Question. – We accept that the absorption of non-discrimination [as the heretics conceive it] presents the defects that you say. Nevertheless, they still possess the absorption of neither discrimination nor non-discrimination (naivasaṃjñānāsaṃjñāsamāpatti) in which there is no longer any false notion allowing, as did the preceding absorption, the confusion between non-discrimination and nirvāṇa, for, in this case every concept (saṃjñā) has disappeared by the power of wisdom.
Answer. – No! In this absorption there is still concept; but, as it is subtle (sūkṣma), it is not considered. If there is no more concept, why do the Buddha’s disciples still seek the true wisdom [instead of this absorption]? In the Buddha’s system, the consciousness that subsists during the absorption of neither discrimination nor non-discrimination rests on the four aggregates [inherent in [192a] every ārūpyasamāpatti]. These four skandhas, which depend on causes and conditions (hetupratyaya), are transitory (anitya); being transitory, they are painful (duḥkha); being transitory and painful, they are empty (śūnya); being empty, they are without self (anātmaka); being empty and selfless, they should be rejected (heya). By becoming attached to this wisdom, you will not obtain nirvāṇa.
The caterpillar (tṛṇajalāyukā) puts out its front foot before pulling back its hind foot; when it comes to the edge of the leaf on which it is creeping and there is no further place it can go on to, it moves back. In the same way, these heretics, depending on the first dhyāna, reject the desires of the lower level (the desires of kāmadhātu) and so on; finally, depending on the naivasaṃjñānāsaṃjñāsamāpatti, they reject the ākiṃcanyāyatana; but, as there is nothing above the naivasaṃjñānāsaṃmapatti, no level on which they can depend, they are unable to leave the naivasaṃjñānāsaṃapatti for, having no further support (āśraya), they are afraid of being lost or falling into nothingness.
Furthermore, there are sūtras of the heretics that allow killing (prāṇātipāta), theft (adattādana), sexual misconduct (kāmamithyācāra), lying (mṛṣāvāda) and the use of wine. They say: 1) In sacrifices to the gods (devayajña), killing is not wrong because it is the practice of religion; if one is in difficulties, it is not wrong to kill an ordinary person to save one’s life, for in difficulties, it is to follow the right path. – 2) Except for gold, it is permitted to steal in order to save one’s life. Later, the heretics will suppress this residue of fault. – 3) Except for the consort of one’s teacher (guru), the wife of the king, the wife or daughter of a spiritual friend (kalyāṇamitra), it is permitted to violate other women and to have sex with them. – 4) It is permitted to lie in the interest of one’s teacher, one’s parents, one’s own life, one’s cattle, or in the rôle of a middleman. – 5) When it is cold, it is permitted to drink liquor made from crystallized honey and, in the sacrifices to the gods, it is permitted to take one or two drops of wine. – In the Buddha’s Dharma, this is not permitted. 1) Out of loving-kindness (maitrīcitta) and equanimity (samacitta) towards all beings, it is forbidden to take the life of even an ant, the more so a man. – 2) It is forbidden to take a needle (sūci) and thread (tantu), even more so, a valuable object. – 3) It is forbidden to touch a courtesan (veśya), the more so another man’s wife (parakalatra). – 4) It is forbidden to lie as a jest, the more so to make a (real) lie. –5. It is forbidden to drink any wine at any time, the more so when it is cold and during sacrifices to the gods. The distance between the heretics and the Buddha’s Dharma is like the distance between heaven and earth. The law of the heretics is a generating source for passions (kleśamautthāpaka); the Buddha’s Dharma is the place of destruction of all the passions: this is the great difference.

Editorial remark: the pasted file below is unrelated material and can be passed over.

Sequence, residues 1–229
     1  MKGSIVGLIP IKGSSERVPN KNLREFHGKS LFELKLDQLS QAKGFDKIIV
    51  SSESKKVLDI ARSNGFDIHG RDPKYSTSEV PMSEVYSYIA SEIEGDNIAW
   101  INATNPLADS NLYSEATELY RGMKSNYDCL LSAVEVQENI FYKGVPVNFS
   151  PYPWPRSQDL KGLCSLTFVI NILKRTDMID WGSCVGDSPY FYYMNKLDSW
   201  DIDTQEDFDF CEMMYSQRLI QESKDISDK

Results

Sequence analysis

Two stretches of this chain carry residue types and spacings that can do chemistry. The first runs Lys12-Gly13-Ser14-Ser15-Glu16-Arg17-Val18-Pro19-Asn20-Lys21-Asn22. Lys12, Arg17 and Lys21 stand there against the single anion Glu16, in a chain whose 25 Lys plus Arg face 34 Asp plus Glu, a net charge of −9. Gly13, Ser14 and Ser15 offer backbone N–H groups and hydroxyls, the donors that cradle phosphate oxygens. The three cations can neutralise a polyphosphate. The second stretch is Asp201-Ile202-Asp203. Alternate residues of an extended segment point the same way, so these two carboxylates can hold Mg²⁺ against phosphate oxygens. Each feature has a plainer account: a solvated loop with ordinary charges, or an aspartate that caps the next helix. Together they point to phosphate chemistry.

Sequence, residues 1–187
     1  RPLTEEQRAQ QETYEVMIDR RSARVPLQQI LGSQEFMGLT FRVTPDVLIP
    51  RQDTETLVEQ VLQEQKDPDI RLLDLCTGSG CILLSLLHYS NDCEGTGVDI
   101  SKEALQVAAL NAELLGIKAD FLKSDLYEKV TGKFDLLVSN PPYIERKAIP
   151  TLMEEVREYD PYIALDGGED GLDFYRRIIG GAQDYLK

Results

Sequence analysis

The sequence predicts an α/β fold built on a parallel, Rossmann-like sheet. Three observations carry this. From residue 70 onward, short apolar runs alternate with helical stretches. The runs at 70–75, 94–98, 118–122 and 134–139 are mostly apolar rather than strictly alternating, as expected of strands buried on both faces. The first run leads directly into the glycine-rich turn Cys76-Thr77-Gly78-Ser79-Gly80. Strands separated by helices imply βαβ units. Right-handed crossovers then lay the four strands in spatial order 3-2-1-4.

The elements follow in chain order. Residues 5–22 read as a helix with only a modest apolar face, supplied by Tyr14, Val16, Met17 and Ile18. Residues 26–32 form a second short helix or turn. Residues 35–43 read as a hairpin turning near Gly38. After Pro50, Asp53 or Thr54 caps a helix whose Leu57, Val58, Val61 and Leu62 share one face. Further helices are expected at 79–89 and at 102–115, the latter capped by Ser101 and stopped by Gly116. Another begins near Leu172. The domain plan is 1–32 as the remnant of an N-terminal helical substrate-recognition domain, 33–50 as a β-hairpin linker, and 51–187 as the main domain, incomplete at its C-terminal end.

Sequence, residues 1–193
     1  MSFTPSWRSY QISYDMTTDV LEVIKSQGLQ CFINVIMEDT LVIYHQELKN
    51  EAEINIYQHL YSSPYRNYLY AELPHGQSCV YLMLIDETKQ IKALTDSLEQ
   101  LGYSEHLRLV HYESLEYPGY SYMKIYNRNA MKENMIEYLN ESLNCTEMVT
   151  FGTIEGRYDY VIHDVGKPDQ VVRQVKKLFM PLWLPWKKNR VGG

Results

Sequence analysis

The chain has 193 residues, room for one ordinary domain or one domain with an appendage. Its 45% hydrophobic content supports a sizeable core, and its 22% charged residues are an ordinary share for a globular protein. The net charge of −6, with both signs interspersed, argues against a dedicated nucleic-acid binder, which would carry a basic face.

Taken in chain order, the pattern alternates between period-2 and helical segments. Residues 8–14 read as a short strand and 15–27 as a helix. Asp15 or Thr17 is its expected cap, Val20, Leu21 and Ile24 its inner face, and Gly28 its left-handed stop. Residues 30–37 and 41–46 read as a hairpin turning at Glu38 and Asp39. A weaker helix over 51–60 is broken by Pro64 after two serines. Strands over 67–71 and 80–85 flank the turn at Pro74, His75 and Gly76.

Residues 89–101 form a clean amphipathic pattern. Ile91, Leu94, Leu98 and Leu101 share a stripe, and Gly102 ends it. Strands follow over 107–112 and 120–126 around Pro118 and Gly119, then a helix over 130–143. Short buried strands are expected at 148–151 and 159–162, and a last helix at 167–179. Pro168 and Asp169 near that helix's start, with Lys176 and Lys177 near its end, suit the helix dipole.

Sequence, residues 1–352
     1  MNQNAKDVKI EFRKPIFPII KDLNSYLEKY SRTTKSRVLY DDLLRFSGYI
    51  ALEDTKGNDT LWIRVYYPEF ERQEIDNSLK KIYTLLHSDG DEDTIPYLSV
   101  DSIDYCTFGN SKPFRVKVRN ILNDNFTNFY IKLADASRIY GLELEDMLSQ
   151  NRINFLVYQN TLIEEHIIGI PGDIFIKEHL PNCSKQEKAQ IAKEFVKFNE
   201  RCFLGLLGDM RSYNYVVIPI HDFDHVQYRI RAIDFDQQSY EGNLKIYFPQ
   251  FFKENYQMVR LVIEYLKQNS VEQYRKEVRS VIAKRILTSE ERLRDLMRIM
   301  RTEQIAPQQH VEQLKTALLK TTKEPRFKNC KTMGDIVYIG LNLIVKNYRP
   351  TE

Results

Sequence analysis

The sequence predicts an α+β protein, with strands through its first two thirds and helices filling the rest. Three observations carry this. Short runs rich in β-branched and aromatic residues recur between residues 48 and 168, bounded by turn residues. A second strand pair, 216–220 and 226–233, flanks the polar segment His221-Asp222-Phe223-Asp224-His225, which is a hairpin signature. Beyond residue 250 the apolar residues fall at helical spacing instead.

Footnotes and references:
This idea has already been developed above, Traité, I, p. 84F.
See above, p. 1034F.
Namely, the four non-material skandhas, vedanā, saṃjñā, saṃskāra and vijñāna. See above, p. 1032F, n. 2.
Cf. Bṛihadār, Up. IV, 3: Tad yathā tṛiṇajalāyukā tṛiṇasyāntaṃ gatvā, anyam ākramam ākramya, ātmānam upasaṃharati: “Just as a caterpillar coming to the end of a blade of grass, draws back for a new advance… “(noted by P. Demiéville”.
The mundane or impure path (sāsravamārga), followed by the heretics, does not let them go beyond the naivasaṃjñānāsaṃjñāsamāpatti to attain the saṃjñāvedayitanirodhasamāpatti and nirvāṇa. See above, p. 1036F.